Pacific Reef Heron - Matuku Moana

reef heron


Quick facts

   -  A medium-sized dark grey heron with a long, grey/orange bill, and greenish legs (66cm/400g).

   -  They are nationally endangered, with an estimated 300-500 birds in NZ. But they are common in Australia, and East Asia.

   -  Reef herons usually hunt alone, sometimes together, and territories of pairs often have many kilometres between them.

   -  Reef herons nest in dark places that are fairly low to the ground, e.g. in rocky caverns or under old bridges.

   -  Reef herons crouch with outstretched wings to make a shadow on the water, attracting their prey, then strike.

   -  They are one of 14 Ardeidae (Egret/Bittern) species to occur in New Zealand, 5 being vagrants and 3 being extinct.

   -  An all-white variation of the reef heron also exists, but is rarely found in New Zealand.

The reef heron is a dark grey wading bird most often seen in coastal areas in the north of the North Island. One or two birds may be found patrolling a rocky shoreline or nearby estuary. Although similar to the common white-faced heron it is not seen as frequently and has slightly different feeding habits. Reef herons occur throughout Polynesia, and their prevalence in northern New Zealand may reflect their preference for warmer climates.

The dark grey colour provides the bird with excellent camouflage when it is patrolling the shoreline rocks that are its main habitat. The reef heron is wary, and flies away when approached too closely. It will, however, use man-made structures for nesting.


The reef heron is a medium-sized dark grey heron with a long, greyish-yellow, heavy bill and greenish-yellow legs. During the breeding season it develops long plumes, mainly on its back but with some also on its chest. It has no white face but a small streak of white may sometimes be seen on the throat. In flight it tucks its head back into its shoulders so that the length of its neck is hidden, giving it a hunched appearance. It stays fairly low unless travelling a significant distance when it may fly higher. Immature birds are brownish.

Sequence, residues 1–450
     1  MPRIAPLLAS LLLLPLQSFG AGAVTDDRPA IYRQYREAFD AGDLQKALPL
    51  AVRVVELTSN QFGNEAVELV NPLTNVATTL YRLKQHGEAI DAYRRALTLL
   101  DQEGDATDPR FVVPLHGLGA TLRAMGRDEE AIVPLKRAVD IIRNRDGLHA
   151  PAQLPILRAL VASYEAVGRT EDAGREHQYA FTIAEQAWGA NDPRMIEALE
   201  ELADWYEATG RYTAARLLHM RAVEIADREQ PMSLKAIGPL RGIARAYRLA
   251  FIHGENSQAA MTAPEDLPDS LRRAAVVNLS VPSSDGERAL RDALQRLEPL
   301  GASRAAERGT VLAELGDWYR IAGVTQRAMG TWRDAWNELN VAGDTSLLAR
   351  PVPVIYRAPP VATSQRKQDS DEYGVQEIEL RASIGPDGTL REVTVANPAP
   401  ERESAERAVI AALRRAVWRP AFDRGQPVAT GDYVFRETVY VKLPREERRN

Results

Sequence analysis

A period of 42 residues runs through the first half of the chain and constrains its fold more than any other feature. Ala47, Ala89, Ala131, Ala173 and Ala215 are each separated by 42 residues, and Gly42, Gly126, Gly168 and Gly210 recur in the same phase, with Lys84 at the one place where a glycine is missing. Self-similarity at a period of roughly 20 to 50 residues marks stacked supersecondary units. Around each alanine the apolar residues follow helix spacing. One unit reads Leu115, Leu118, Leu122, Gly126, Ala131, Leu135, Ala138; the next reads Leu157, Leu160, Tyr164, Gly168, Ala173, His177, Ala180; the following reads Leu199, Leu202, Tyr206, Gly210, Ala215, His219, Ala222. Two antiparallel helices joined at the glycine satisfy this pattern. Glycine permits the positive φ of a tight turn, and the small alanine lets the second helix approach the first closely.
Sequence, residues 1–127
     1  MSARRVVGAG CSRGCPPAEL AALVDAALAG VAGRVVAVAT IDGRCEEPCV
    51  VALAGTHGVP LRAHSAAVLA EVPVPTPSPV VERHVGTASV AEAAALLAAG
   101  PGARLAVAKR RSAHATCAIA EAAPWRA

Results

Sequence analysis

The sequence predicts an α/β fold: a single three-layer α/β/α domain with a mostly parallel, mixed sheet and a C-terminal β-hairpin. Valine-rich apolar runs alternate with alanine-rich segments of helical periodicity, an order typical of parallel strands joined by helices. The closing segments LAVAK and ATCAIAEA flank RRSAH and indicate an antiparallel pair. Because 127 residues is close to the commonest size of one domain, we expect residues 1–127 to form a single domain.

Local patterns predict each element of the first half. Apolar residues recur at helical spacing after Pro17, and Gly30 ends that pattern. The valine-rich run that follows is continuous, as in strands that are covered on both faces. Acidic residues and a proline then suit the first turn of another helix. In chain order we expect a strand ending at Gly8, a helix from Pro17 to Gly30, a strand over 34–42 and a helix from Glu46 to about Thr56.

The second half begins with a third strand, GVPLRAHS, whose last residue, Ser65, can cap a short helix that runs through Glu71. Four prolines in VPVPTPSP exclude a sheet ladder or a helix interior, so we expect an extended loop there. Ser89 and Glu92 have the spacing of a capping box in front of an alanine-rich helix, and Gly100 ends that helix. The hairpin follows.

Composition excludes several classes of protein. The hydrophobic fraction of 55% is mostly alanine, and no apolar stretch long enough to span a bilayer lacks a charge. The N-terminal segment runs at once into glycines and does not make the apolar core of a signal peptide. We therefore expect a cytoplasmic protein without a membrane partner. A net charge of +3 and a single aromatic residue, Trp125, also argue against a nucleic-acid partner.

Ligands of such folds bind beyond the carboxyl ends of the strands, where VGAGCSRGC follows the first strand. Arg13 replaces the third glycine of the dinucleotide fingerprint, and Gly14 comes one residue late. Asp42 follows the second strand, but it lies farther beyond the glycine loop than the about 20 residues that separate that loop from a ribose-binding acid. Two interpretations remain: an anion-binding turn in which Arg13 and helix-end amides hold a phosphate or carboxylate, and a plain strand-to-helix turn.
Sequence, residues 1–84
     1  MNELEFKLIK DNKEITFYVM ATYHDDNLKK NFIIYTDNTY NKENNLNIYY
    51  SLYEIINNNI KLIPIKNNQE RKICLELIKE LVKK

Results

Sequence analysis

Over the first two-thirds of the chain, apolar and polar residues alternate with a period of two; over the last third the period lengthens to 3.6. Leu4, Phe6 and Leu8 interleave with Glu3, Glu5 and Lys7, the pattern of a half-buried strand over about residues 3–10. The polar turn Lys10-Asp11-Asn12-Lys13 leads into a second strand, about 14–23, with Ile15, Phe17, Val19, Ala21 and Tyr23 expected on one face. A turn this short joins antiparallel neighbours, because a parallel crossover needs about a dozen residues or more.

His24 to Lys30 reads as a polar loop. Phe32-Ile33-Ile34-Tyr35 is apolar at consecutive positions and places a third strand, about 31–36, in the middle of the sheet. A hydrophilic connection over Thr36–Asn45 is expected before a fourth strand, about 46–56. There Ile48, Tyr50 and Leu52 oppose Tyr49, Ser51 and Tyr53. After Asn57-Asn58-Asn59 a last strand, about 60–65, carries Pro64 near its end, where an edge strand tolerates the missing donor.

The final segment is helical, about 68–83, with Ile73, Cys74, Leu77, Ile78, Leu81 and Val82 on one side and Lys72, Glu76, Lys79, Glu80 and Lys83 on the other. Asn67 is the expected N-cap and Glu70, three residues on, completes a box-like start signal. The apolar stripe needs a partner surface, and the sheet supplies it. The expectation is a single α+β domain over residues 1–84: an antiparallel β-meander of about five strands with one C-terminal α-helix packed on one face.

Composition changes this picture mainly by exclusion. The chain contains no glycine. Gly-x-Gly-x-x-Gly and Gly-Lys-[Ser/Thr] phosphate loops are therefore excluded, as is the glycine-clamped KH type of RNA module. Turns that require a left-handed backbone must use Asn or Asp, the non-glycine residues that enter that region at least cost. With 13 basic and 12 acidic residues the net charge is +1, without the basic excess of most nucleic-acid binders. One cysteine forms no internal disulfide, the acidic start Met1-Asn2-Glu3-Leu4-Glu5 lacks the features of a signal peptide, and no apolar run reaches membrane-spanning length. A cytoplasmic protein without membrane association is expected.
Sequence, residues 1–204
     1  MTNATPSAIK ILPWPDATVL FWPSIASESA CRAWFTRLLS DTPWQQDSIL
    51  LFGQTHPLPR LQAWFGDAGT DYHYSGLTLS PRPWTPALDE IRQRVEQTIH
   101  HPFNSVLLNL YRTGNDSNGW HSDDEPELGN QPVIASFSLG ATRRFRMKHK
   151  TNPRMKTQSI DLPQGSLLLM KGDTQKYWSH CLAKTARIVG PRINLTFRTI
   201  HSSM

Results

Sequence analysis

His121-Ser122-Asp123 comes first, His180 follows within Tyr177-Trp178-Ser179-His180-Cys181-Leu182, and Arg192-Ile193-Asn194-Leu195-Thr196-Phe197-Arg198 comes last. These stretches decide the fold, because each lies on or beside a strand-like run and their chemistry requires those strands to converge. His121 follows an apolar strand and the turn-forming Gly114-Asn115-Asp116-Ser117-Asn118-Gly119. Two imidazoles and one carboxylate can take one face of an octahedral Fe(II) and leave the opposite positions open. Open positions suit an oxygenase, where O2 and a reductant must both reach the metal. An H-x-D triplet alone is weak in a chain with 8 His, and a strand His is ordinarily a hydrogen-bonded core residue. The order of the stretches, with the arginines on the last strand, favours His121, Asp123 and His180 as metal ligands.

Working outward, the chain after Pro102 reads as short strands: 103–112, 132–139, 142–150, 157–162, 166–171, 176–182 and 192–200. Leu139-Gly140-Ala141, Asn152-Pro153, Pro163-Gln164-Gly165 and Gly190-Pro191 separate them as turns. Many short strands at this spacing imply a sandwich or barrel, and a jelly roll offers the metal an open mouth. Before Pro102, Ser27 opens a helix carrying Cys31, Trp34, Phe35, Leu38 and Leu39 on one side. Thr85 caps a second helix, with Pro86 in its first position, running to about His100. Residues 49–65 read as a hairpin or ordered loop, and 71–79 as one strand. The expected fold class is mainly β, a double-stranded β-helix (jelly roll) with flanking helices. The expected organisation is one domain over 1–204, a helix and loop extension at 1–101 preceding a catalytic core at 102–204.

Reef herons are widely distributed through eastern Asia, the tropical Pacific islands, Australia and New Zealand. Elsewhere there are two colour morphs, white and grey, with birds in intermediate plumage occurring also. Only the grey morph breeds in New Zealand, but there has been a single record of a white bird, at the Avon-Heathcote Estuary, Christchurch in June 1987. Typical grey birds may be seen in the North, South, Stewart and some offshore islands, with more birds found in northern areas.

The reef heron is a bird of the rocky shore, where it stalks around rock pools and small rivulets of water that may carry fish. It can also be seen on estuary mudflats feeding at low tide and may occasionally be seen wading in the shallow waves on sandy beaches. It is rarely seen inland.

The New Zealand reef heron population is estimated at only 300-500 birds, but they are regularly seen at the sites where they occur, and those populations surveyed appear to have been stable over the past 40 years. They are widespread and abundant elsewhere in their range.

The shoreline habitat occupied by the reef heron has ongoing threats from encroachment by development, and the birds are vulnerable to disturbance by people and dogs. The conservation status of this species was changed from nationally vulnerable to nationally endangered in 2013.

Reef herons are usually solitary birds, and they occur at low densities, with territories of adjacent pairs often many kilometres apart. They nest in dark places that are fairly low to the ground, e.g. in rocky caverns and under old bridges, etc. Nesting is usually September to December with the 2-3 eggs incubated by both parents. Hatchlings have dark grey down and are fed partially-regurgitated food from both parents. They start wandering near the nest after about three weeks, and continue to be cared for by the parents for a further two to three weeks. The family group may either break up at this time, or stay together through to at least February.

Daily feeding routines are influenced by tide cycles, with birds feed on the falling or low tide, including at night. Reef herons are usually seen individually but may sometimes be found in small groups, especially when roosting at high tide.

Reef herons catch and eat small fish, crustaceans and worms. They move stealthily to catch their prey by surprise, and sometimes crouch with outstretched wings to create a shaded area underneath to entice prey within reach, which is then rapidly stabbed or grabbed. Other foraging techniques include moving carefully along the water's edge looking for prey, or using a foot to stir up the substrate in order to catch any prey so disturbed. Foraging reef herons generally ignore nearby birds of other species.

Writen by team member Oscar Thomas

Adams, R. 2013. Reef heron. In Miskelly, C.M. (ed.) New Zealand Birds Online.